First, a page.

It’s little wonder that we often feel as though our kids aren’t as successful with reading as we’d like them to be. The “reading wars” – the battle between sounding out words and using the sentence as context for understanding – have seemed only to add unnecessary stress and anxiety for parents, carers and teachers alike. The feelings of helplessness in regard to reading often translate into less-than-productive reading experiences with children and the transfer of parents’ stress and anxiety onto their children.
No parent ever sets out to purposely do the wrong thing when it comes to their child and reading. Whether it is through daily reading, flash cards, sight words or sounding out words, many parents are simply doing what they did as children. I suggest shifting focus from a phonics (sounding out) only approach to reading for pleasure as a surefire way to re-engage kids with books.
Picking up a book and reading and encouraging your child to do the same is one of the easiest ways to re-engage children with reading. The tips below encourage just that – reading as fun and as an act of love.
The simplest way to encourage children to engage in reading is to relax around the process. Parents are often anxious when they feel that reading isn’t going as well for their children as it should be. This then translates to the children that they are reading with.
One of the easiest ways to relax around the reading process is to change the location reading takes place at home. If the difficult reading times have always been at the dining table, then encourage a variety of reading locations. Try lying down on the lounge room floor, Mum and Dad’s bed, or outside under a tree.
The physical location can make a real difference to how the reading is perceived and enjoyed. Most importantly, as Paul Jennings suggests, don’t listen to reading while you are doing the washing up. Make it a time that is quiet, safe and warm.
2. Don’t be a word pointer or an ‘instant word factory’
The core of the reading process is making meaning. When a child changes a word in the text, they are being a resourceful reader. They are working towards making sure that the text that they are reading makes sense for them.
The child who reads the word flu instead of cold is putting the text into their own context. As adults, we frequently miscue when reading, though often we are unaware it has happened. Children need to know that it is okay to not read “word perfect” all of the time.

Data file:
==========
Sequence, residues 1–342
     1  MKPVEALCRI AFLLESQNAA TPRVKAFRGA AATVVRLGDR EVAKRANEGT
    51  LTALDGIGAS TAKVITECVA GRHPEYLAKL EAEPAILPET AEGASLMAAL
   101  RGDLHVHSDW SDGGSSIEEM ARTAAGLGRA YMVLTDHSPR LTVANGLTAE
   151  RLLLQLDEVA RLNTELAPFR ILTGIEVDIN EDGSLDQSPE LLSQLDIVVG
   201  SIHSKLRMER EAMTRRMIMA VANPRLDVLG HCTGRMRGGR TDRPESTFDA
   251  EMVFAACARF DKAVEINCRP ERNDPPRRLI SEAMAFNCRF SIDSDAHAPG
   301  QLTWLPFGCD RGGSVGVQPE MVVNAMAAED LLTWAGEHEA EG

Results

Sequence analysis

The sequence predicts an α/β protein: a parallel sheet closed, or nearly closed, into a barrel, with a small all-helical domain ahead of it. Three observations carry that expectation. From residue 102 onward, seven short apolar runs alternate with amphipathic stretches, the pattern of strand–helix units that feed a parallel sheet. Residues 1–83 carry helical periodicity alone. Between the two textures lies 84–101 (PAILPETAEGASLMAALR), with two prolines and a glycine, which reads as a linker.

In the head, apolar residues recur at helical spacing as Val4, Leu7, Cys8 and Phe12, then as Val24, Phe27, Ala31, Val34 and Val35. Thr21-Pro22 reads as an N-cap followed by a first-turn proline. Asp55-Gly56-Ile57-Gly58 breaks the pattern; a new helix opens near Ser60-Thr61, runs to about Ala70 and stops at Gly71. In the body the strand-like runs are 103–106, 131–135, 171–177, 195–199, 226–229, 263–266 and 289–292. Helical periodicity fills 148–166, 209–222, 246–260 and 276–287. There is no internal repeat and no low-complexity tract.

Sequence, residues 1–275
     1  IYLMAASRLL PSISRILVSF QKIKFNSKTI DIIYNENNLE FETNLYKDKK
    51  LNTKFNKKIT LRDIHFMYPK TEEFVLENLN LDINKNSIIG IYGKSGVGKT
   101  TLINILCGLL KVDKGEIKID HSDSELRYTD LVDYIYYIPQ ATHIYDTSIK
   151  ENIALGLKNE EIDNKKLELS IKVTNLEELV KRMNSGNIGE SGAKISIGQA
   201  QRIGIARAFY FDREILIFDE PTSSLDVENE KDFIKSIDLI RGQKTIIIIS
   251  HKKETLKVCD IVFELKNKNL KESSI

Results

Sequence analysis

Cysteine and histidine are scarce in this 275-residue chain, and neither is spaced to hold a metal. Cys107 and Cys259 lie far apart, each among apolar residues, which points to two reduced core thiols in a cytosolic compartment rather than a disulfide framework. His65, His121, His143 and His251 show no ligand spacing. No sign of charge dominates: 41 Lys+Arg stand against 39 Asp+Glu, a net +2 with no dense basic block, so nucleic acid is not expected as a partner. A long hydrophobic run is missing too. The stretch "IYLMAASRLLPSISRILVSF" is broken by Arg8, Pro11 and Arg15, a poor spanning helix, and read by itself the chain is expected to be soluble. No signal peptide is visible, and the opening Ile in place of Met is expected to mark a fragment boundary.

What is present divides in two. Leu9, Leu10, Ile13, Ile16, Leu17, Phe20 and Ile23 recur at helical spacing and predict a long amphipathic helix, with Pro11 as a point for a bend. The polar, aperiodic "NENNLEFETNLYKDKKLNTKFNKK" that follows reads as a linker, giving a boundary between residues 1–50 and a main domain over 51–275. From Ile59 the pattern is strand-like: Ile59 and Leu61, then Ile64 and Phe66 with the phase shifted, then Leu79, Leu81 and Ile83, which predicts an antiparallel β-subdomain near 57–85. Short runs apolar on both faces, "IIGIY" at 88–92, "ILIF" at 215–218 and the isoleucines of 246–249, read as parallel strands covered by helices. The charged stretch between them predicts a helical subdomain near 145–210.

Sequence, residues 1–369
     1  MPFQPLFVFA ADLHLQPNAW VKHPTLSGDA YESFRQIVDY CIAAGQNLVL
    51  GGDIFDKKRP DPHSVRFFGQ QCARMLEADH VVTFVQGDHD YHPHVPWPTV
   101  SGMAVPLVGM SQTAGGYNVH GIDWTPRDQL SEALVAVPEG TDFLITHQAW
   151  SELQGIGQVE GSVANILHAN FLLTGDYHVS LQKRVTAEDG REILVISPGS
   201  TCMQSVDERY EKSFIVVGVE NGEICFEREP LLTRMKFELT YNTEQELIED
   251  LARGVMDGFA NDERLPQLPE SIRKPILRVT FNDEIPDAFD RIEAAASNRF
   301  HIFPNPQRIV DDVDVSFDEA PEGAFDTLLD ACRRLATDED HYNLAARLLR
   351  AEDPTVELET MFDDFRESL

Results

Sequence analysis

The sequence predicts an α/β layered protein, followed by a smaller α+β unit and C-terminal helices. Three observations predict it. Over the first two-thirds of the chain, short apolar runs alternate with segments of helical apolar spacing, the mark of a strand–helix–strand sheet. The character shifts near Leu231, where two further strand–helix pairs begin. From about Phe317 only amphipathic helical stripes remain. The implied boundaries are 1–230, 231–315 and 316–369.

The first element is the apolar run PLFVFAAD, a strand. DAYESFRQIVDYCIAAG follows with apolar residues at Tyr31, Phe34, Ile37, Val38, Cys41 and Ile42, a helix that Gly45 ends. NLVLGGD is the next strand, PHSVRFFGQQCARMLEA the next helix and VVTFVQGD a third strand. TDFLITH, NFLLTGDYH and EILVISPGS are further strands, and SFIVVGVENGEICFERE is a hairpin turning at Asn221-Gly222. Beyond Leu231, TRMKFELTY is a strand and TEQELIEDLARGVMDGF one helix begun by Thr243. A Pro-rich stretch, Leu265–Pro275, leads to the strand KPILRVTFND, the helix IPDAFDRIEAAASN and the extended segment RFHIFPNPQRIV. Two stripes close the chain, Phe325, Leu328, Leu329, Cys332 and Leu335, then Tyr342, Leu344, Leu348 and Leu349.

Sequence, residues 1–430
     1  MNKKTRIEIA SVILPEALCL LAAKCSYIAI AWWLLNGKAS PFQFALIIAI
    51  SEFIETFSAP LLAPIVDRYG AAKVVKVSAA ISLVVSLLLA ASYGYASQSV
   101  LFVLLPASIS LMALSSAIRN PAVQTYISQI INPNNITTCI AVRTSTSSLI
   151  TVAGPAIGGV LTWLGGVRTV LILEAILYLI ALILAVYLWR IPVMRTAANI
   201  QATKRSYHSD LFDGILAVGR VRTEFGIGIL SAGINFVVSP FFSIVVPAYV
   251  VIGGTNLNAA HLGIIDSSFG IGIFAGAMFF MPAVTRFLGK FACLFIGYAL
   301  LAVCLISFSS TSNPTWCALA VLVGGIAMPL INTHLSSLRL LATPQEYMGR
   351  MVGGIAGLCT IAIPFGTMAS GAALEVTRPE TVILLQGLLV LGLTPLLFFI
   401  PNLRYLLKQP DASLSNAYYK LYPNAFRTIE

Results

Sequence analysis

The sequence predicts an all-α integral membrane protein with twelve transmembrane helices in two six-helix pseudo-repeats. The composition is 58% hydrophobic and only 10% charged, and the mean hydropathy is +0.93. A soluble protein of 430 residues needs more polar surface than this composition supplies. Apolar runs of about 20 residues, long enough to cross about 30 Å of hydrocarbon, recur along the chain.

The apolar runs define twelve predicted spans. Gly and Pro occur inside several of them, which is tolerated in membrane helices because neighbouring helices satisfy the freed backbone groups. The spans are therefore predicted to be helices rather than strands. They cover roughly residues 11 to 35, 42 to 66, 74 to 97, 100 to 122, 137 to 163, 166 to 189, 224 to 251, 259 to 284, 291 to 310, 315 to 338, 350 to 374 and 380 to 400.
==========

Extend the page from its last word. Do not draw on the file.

Unfortunately, prior reading experiences for many of us have stressed the importance of reading “word perfect” and have implied that to do otherwise is cheating in some way. When a child changes a word, or looks to a parent for help, the importance of making meaning needs to be shared. Simple prompts for parents, such as “what would make sense here?” or “let’s read on for more information”, give the reader a strategy to figure out what they are reading.
Getting stuck on a word in many cases results in pointing at the unknown word and sounding out, or the parent becomes the “instant word factory” and supplies the word to the child. Both of these strategies are unsustainable. When figuring out unknown words, sounding out is the least effective strategy because the clues aren’t in that word – they are in the rest of the sentence or the pictures.
3. Children always need to choose what they read
Book choice is a vital component of the reading process. As adults, we very rarely read anything that we either don’t love or enjoy. If we read a book and it takes a while to get going or we lose interest, we simply put it down or lend it to a friend. Why then do we insist that children must read cover to cover something that they don’t necessarily enjoy or like?
Often these imposed choices on children come from a place of love – we are trying to support the children in accessing a text that is at their reading level. It is often hard to let go and let children choose their own books. This is vital, however, for developing strong, self-sufficient readers.
When a child chooses a book that may be beyond their instructional reading level, we might need to use a supportive book strategy to assist the child to access that text. You might try echo or shared reading with the text, where the parent reads a sentence and the child follows along. It is important that these levels of support are negotiated with the child, so they can access the support that they need.
Every parent does the best job they know how to do when it comes to helping their child to read. Remember to congratulate yourself on making such a great difference to your child’s future. Relax and enjoy the reading journey!
Published in collaboration with The Conversation
Author: Ryan Spencer is a Clinical Teaching Specialist in Literacy Education at the University of Canberra.
Image: Syrian refugee children attend a class at their camp in Amman December 23, 2013. REUTERS/Muhammad Hamed.